BY ANY measure, 2004 was not just a great year for American farmers and ranchers; it was a spectacularly great year. Records fell as easily and often as spring rain.

US net farm income, according to US Department of Agriculture projections, was $73.7bn (39bn), fully $25bn (13bn) more than the average annual income from 1993 to 2003. Total agricultural exports popped to $62.3bn (33bn), another all-time American record. Export volume, at 115m tonnes, was nearly 10m tonnes over 2003.

A closer look shows livestock led the way. Dairymen averaged 36cents/litre (19p/litre) for milk for the year. Hog profits, at $22 (12) a head, were five times greater than the average return for any year between 1992 and 2003.

Cattle prices, be they slaughter cattle or yearlings for feeding, brought record returns for ranchers and feeders. In fact, owning cattle in America in 2004 was like owning the US Treasury. At the end of December, slaughter cattle were bringing 90cents/lb (106p/kg) and 600lb yearlings were knocking down $1.15/lb (1.36/kg).

Grain producers cashed in, too. Lovely weather, short carryover supplies going into 2004 and a demand-led, red-hot spring market brought record maize and soyabean yields, record production and huge per-acre profits.

Huge is too small a word for it. For example, on November 22 the University of Illinois reported that the 754 grain farms in its state-wide Farm Business Management programme had an average 2004 farm income of $91,966 (49,200).

And then there were the very generous taxpayers of America, who, oblivious to US agriculture”s swelling fortunes throughout 2004, sent food producers $15.7bn (8.4bn) in farm commodity, conservation and disaster payments last year. With production, price and income records falling left, right and centre, American farmers still cashed nearly $16bn (9bn) of Uncle Sam”s cheques in 2004.

That fact has not escaped long-time – and now new – critics of US farm policy.

Moreover, as the Environmental Working Group (a tart critic that has posted each subsidy recipient”s name, address and amount received at www.ewg.org ) points out, only 10% of US farmers pocket about 70% of the money each year.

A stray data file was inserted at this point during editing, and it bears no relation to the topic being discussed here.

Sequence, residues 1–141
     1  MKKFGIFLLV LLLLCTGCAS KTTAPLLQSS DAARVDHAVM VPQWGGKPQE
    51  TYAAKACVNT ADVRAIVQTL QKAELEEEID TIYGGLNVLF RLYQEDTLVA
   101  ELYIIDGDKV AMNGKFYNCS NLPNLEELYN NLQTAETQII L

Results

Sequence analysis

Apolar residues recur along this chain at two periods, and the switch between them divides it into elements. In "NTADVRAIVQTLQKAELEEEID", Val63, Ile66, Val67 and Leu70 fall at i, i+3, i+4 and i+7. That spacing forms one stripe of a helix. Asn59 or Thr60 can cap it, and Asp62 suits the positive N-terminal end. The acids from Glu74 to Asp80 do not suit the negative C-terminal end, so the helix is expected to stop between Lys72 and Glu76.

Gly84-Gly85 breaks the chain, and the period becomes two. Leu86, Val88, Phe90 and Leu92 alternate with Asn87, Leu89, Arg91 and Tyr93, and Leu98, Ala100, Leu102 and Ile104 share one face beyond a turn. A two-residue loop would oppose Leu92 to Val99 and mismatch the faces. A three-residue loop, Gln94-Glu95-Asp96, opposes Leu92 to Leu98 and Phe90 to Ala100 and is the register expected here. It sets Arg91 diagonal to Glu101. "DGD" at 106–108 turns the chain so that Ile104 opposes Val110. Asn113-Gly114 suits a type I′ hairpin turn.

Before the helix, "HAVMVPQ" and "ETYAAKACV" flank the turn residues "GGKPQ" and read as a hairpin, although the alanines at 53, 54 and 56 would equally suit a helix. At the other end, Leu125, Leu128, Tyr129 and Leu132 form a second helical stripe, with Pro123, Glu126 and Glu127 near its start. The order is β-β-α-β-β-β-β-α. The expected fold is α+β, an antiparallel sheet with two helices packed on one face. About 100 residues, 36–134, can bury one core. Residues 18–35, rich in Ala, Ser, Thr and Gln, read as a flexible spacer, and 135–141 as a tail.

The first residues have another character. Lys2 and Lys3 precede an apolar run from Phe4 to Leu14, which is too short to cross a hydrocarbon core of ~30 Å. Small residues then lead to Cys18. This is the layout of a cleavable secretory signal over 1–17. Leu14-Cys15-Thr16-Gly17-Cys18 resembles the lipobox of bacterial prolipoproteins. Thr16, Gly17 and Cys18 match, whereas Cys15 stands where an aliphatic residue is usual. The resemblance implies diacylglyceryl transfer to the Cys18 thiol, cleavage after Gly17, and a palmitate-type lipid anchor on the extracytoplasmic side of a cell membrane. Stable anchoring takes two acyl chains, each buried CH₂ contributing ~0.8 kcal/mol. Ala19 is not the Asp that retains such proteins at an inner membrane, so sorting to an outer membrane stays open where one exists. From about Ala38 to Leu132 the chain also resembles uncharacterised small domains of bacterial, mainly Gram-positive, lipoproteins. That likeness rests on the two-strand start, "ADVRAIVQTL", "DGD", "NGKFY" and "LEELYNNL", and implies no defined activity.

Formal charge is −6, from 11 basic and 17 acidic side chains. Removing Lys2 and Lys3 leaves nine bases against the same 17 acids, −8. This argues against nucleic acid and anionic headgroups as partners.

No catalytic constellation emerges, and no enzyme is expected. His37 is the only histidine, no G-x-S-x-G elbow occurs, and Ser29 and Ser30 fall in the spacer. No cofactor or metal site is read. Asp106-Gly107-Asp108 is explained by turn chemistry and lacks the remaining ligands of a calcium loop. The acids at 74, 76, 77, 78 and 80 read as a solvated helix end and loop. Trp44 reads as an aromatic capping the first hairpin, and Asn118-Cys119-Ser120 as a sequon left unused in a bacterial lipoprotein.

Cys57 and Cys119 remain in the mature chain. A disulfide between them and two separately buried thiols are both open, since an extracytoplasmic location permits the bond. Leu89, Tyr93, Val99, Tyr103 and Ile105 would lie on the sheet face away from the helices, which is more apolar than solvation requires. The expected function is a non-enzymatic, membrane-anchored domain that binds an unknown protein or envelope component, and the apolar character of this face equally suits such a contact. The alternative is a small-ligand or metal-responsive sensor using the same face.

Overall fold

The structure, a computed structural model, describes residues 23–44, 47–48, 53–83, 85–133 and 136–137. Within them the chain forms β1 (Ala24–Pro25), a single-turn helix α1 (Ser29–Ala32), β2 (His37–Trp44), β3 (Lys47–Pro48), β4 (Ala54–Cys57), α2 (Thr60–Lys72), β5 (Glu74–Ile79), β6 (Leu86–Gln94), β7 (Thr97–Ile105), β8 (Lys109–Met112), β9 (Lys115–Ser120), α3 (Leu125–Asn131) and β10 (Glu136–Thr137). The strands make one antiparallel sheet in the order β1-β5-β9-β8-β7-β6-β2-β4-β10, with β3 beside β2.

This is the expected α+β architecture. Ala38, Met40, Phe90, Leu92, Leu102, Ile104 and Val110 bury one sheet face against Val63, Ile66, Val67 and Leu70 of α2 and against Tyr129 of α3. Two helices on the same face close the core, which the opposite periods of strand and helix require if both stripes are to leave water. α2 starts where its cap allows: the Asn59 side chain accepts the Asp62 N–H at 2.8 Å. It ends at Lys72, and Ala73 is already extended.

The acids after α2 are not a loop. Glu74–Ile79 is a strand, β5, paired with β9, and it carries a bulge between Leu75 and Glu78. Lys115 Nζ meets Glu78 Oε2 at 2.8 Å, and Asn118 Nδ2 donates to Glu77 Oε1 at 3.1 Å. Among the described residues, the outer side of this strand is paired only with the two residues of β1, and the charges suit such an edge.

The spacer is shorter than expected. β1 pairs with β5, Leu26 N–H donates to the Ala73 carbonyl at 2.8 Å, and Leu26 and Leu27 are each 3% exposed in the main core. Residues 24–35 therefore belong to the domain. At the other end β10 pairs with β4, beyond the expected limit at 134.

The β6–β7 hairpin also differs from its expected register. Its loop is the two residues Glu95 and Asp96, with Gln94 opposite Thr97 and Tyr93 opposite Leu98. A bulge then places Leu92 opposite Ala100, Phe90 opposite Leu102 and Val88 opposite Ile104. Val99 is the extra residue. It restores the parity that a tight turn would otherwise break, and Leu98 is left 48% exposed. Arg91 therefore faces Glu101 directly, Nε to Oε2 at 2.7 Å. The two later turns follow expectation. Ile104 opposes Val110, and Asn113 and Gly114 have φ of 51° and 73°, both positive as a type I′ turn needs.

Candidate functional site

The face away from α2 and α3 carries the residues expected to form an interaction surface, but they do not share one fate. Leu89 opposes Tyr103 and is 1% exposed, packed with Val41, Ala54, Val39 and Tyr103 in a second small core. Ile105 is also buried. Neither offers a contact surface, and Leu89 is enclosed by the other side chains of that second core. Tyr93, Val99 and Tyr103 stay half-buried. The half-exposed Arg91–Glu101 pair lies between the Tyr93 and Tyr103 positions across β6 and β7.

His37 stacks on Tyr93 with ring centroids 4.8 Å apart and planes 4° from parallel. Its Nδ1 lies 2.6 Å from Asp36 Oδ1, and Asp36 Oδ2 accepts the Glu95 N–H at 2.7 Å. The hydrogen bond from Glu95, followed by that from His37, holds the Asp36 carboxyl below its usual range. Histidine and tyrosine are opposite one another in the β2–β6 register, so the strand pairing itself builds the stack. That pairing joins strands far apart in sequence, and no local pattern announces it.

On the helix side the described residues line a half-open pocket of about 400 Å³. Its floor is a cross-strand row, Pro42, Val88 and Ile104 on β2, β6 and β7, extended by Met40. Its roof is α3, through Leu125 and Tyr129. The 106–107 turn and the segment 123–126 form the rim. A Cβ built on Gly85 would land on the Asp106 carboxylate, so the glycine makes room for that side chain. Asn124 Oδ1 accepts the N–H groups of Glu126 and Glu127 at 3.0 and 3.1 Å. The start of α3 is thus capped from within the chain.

Indeed, that so many billions went to fewer than 306,000 of America”s farming millions gives 2004″s otherwise beautiful face a pig-ugly black eye.

More importantly, the fact that a favoured few received most of the billions proves the critics right, notes John Hansen, president of Nebraska”s Farmer Union.

In a note to key policy players and the press on December 28, Hansen claimed the shift in US ag policy, which began with 1996″s Freedom to Farm, ended in 2004. Traditional price-supporting programmes, he wrote, are now “income transfer programmes that look, feel and taste like welfare programmes to most observers”.

In 2005, Hansen added, this “common perception [will] become the reality, which is the current structure of [American] farm programmes is politically indefensible and fiscally vulnerable”.

 Hansen, a plain-spoken family farm advocate, who also serves on a White House agricultural trade advisory panel, states what other farm leaders are too timid to admit: All the free trade/market-oriented preaching offered by America”s biggest farm groups and farmers is miles removed from the practice of grabbing Uncle Sam”s money.

 Last year”s record-smashing run only serves to prove it again. The central element of 1996 and 2002 Farm Bills – “Here are the federal dollars whether you need them or not” – betrays most farm groups” nearly sacred supply-and-demand, free-trade-forever tenets.

The consequences of this money grab are evident and growing. Fewer, bigger, richer farms; more, smaller, poorer farm communities. Supply chain, industrialised livestock production; red meat and poultry producers chained to packers and processors. Less emphasis on soil and water conservation; more soil and water degradation.

The irony of these clashing policies also reached full bloom in 2004. After delicious grain prices through the spring and early summer, the predicted record crops predictably drained prices lower. Over the growing and harvest seasons, maize fell from nearly $130/t (69/t) to $80/t (43/t), soya from $350 (187) to $190 (102) and wheat from $155 (83) to $110 (59).

The tumble permitted most grain farmers to cash in on other government subsidies. It also laid the groundwork for even cheaper 2005 prices and even greater 2005 subsidies.

Exports, long hailed by farmers as their key saving grace, will add pressure to sliding grain prices.

 This year”s record-setting ag export pace will fall by $7bn (3.7bn) in 2005 while food imports will continue their steady rise.

USDA now sees America”s 2005 food trade balance as zero – exports and imports are both forecast at $56bn (30bn). That means next year will be the first year in 50 that the nation will not export more food than it imports.

Even the swiftly falling overseas value of the US dollar, down 30% against the euro in three years, cannot stem the rising import tide. Alas, another tenet of the American farming faithful: cheap dollars means more exports, looks to be falling, too.

Hollow, too, appears America”s farm-record-shattering 2004 because it will be followed by a year in which America”s ag trade surplus will vanish, tumbling grain prices will require even greater farm subsidies and processors and packers will strengthen their grip over food, fibre and meat producers.

So, goodbye, 2004. Hello reality.